Sleep & Stress

stressed office worker


  • 23% of Canadians report that they are under “quite a bit” or “extreme” stress and 24% of Americans report they are under “extreme stress.”
  • Most common causes stated for increased stress: Money, work, family responsibilities.
  • Stress increases internal inflammation via IL-6 which leads to increased risk for cardiovascular disease, anxiety, depression, cancer, suppressed immune system (chronic infections), and autoimmune disease.
  • Some stress is necessary for life, chronic stress is debilitating to life
  • High chronic stress leads to chronically elevated cortisol which can lead to: Decreased thyroid function, accumulation of abdominal fat, prolonged healing time, reduced ability to respond to an infection, impaired cognition.

Stress and Memory: 

We need a small amount of stress to form solid memories, but if the stress is too high you will not remember.

Stress and DNA:

Ohio State University Medical Center found that more than 170 genes were affected by stress (chronically high cortisol).  When stress was high 100 genes shut off completely, including genes involved in wound healing, inflammation, sleep, metabolic function and cardiac regulation.

Managing stress with relaxation techniques:

  • 58 individuals were studied in three groups: control, beginners to relaxation techniques, and experienced in relaxation techniques.  20 volunteers had 8 weeks meditation and yoga and at the end of the 8 weeks 1561 genes were affected (874 healthy genes upregulated and 687 genes associated with stress were downregulated). Experienced meditators expressed 2209 positive gene changes.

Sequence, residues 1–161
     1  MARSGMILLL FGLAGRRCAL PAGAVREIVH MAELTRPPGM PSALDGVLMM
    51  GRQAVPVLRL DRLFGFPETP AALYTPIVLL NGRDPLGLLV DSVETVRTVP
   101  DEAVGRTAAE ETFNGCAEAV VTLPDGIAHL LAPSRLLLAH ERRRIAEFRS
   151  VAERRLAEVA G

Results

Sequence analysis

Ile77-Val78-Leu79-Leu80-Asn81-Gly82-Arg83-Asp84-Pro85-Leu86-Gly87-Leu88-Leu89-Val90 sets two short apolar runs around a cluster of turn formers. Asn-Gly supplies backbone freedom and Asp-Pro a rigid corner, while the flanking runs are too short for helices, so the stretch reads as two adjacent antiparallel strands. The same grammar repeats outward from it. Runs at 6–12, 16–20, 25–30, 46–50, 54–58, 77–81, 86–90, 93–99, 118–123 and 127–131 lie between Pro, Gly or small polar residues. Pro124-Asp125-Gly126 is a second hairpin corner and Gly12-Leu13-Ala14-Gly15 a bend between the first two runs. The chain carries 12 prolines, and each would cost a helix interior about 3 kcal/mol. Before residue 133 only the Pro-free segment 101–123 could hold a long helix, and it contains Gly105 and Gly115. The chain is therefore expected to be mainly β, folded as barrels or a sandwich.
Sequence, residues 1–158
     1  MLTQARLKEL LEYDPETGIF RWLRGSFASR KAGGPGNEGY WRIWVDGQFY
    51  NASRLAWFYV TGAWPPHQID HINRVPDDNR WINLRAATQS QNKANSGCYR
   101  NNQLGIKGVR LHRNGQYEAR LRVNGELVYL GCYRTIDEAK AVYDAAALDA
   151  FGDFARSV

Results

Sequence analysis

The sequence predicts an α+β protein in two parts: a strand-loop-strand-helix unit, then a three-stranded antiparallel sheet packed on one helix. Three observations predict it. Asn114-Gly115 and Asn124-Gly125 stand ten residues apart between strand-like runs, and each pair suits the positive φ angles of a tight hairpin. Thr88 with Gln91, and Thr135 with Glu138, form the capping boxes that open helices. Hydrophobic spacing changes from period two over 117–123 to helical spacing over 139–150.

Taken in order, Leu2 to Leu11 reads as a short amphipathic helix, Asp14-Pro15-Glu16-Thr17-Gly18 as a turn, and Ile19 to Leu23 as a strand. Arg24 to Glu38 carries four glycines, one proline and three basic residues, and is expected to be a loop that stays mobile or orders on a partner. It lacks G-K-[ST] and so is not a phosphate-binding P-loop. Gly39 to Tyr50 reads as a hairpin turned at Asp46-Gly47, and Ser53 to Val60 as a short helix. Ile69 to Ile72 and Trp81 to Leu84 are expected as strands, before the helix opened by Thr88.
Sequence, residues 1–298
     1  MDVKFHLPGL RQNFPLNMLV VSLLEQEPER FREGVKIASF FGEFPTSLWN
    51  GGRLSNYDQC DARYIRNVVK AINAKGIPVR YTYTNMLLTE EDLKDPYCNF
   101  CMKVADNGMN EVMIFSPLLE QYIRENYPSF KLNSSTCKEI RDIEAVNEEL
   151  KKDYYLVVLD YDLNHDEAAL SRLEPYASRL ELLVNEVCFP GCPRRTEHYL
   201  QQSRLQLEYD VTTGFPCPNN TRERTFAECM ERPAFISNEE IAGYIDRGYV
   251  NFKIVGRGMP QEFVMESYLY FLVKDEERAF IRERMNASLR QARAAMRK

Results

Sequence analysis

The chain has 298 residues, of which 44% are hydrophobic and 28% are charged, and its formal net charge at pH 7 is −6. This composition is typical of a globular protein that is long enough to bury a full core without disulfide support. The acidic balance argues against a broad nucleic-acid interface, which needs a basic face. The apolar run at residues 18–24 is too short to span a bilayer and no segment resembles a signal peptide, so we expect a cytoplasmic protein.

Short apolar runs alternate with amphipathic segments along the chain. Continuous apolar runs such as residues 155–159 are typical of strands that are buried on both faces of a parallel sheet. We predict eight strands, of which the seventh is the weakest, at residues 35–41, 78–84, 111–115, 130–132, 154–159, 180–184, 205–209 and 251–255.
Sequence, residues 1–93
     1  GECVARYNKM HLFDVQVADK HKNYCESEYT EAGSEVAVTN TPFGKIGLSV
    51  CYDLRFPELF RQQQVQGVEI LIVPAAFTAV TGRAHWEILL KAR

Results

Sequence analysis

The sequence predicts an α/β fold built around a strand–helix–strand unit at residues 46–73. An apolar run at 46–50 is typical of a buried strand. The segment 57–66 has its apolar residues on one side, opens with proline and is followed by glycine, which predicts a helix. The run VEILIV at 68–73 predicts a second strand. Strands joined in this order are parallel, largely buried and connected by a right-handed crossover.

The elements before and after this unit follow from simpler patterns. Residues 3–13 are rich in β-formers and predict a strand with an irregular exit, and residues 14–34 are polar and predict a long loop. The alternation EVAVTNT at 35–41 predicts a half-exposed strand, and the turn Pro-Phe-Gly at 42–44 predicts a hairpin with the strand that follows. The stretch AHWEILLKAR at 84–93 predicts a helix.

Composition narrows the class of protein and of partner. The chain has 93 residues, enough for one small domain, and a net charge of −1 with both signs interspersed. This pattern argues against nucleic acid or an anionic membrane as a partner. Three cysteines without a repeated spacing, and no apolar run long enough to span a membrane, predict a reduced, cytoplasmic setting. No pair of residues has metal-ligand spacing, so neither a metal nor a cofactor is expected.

• Studies have proven that relaxation techniques such as yoga, breathing exercises, qi gong and tai chi statistically reduce the negative impacts of stress.
  • Having good social support (in real life not on social media) is also associated with reduced negative impact of stress on a person

sleep & INSOMNIA

  • Insomnia occurs in approximately 30% of adults worldwide.
  • People more at risk for sleep disorders: women during times of hormone changes, people with psychiatric disorders, shift workers and those who have another chronic illness.
  • Sleep deprivation is a  common cause of: depression and anxiety, increased pain, decreased ability to perform daily duties, decreased work productivity, and reduced quality of life in general.
  • Sleep is needed for memory formation and repair of the brain and body, and chronic insomnia has now been associated with dementia and Alzheimer’s.
  • Most people have five 90 minute cycles nightly equalling 7.5 hours of sleep needed every night.
  • Apnea testing should be sought if you snore, have increased neck girth, wake tired every morning, wake choking or gasping, or wake with a sore or dry throat.

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